Aggressively Pursuing New Markets
ARM has had a pretty fascinating history, but for most of its time on this Earth it has not been a very public facing company. After the release of the iPhone and ARM’s dominance in the mobile market, they decided to push their PR efforts up a few notches. Now we finally were able to see some of the inner workings of a company that was once a little known low power CPU designer that licensed cores out to third parties.
The company was not always as aggressive as what we are seeing now. The mobile space for a long time was dominated by multiple architectures that all have eventually faded away. ARM held steady with design improvements and good customer relations that ensured that they would continue into the future. After the release of the original iPhone, the world changed. Happily for us, ARM changed as well. In previous years ARM would announce products, but they would be at least three years away and few people took notice of what they were up to. I originally started paying attention to ARM as I thought that their cores might have the ability to power mobile gaming and perhaps be integrated into future consoles so that there would be a unified architecture that these providers could lean upon. This was back when the 3DS and PSP were still selling millions of units.
This of course never came to pass as I had expected it to, but at least ARM did make it into the Nintendo Switch. ARM worked hard to quickly put faster, more efficient parts out the door. They also went on a buying spree and acquired several graphics startups that would eventually contribute to the now quite formidable Mali GPU family of products. Today we have an extensive lineup of parts that can be bundled into a tremendous amount of configurations. ARM has a virtual monopoly in the cellphone market because they have been willing to work with anyone who wants to license their designs, technologies, and architectures. This is actually a relatively healthy “monopoly” because the partners do the work to mix and match features to provide unique products to the marketplace. Architectural licensees like Apple, Qualcomm, and Samsung all differentiate their products as well and provide direct competition to the ARM designed cores that are licensed to other players.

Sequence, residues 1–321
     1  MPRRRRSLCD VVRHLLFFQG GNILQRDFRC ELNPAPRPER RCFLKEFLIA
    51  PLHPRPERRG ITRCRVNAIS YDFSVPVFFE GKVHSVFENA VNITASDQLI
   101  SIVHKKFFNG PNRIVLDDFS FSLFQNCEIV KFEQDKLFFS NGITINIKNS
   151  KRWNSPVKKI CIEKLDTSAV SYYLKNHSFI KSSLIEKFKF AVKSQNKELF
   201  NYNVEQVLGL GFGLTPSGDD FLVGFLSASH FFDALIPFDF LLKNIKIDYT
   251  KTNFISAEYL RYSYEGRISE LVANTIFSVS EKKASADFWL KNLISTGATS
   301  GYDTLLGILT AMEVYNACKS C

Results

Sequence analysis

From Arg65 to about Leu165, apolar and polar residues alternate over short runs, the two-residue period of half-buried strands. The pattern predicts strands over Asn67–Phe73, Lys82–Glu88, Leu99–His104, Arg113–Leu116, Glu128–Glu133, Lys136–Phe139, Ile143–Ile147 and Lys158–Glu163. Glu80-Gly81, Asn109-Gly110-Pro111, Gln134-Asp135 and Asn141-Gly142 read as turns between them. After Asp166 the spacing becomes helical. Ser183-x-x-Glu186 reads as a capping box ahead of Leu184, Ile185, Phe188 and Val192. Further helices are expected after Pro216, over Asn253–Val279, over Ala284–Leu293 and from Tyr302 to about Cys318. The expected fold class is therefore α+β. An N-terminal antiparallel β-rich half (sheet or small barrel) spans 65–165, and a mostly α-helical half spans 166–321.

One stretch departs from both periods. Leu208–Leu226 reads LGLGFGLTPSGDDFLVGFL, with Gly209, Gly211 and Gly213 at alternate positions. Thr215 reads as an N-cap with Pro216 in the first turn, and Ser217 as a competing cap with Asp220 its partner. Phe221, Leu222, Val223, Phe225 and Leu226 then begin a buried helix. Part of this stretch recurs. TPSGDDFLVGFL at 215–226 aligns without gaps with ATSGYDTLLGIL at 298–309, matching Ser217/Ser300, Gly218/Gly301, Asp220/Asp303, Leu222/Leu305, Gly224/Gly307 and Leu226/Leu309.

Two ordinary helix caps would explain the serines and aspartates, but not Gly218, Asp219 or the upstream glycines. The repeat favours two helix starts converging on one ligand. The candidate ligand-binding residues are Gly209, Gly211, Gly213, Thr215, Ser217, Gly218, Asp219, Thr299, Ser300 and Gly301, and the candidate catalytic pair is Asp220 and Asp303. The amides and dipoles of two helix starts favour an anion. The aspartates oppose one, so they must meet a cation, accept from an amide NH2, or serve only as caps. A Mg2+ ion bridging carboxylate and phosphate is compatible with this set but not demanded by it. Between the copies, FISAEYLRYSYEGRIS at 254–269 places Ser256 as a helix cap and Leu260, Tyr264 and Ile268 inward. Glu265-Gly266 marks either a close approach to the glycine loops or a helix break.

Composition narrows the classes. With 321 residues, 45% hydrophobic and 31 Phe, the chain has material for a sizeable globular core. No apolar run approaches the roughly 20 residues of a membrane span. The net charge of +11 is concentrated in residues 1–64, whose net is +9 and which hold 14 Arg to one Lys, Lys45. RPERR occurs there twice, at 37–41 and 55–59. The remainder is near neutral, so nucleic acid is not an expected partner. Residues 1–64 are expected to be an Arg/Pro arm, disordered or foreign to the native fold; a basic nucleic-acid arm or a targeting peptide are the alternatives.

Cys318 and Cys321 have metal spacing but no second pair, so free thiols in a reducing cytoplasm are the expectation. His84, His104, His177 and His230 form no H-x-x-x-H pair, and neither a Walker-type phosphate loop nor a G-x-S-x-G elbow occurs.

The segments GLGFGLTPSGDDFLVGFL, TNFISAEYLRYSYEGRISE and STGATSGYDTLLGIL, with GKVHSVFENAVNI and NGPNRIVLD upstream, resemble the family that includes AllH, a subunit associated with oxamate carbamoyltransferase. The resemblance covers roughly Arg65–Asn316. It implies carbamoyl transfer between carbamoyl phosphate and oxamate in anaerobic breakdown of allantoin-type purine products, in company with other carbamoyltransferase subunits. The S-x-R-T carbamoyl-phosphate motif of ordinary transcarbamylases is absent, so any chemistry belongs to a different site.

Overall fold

Today we are seeing a new direction from ARM that has never been officially explored. We have been given a roadmap of the next two generations of products from the company that are intended to compete in not only the cellphone market, but also in the laptop market. ARM has thrown down the gauntlet and their sights are set on Intel and AMD. Not only is ARM showing us the codenames for these products, but also the relative performance.
Subject: General Tech | May 2, 2018 - 11:00 AM | Josh Walrath
Tagged: voltage, physical attacks, exploits, EM, CryptoIsland, CryptoCell, Cortex-M35P, cortex, arm
The world is rife with exploits. We see and hear about them everyday. It is a major problem for device makers that try to use cutting edge technology in their products, but do not know what potential vulnerabilities can be exposed. ARM has a robust security suite available for their chips that can be licensed and implemented, but so far these have dealt primarily with software. Nothing has been done in consumer chips to protect from other side-channel exploits in which the chip is physically accessed.
Physical security was once the realm of military style hardware that were hardened and designed to be nearly impervious if falling into the wrong hands. Now ARM is offering partners the ability to implement several physical security features into their chips to help defeat those who wish to exploit these products.
The first product to get this treatment is the new Cortex-M35P. This is based on previously released Cortex-M3x technology featuring the Armv8-M ISA. It is a new chip in that it has all of the features for physical security integrated into the design. It also features all of the previous security IP that ARM has released including TrustZone, CryptoIsland, and CryptoCell.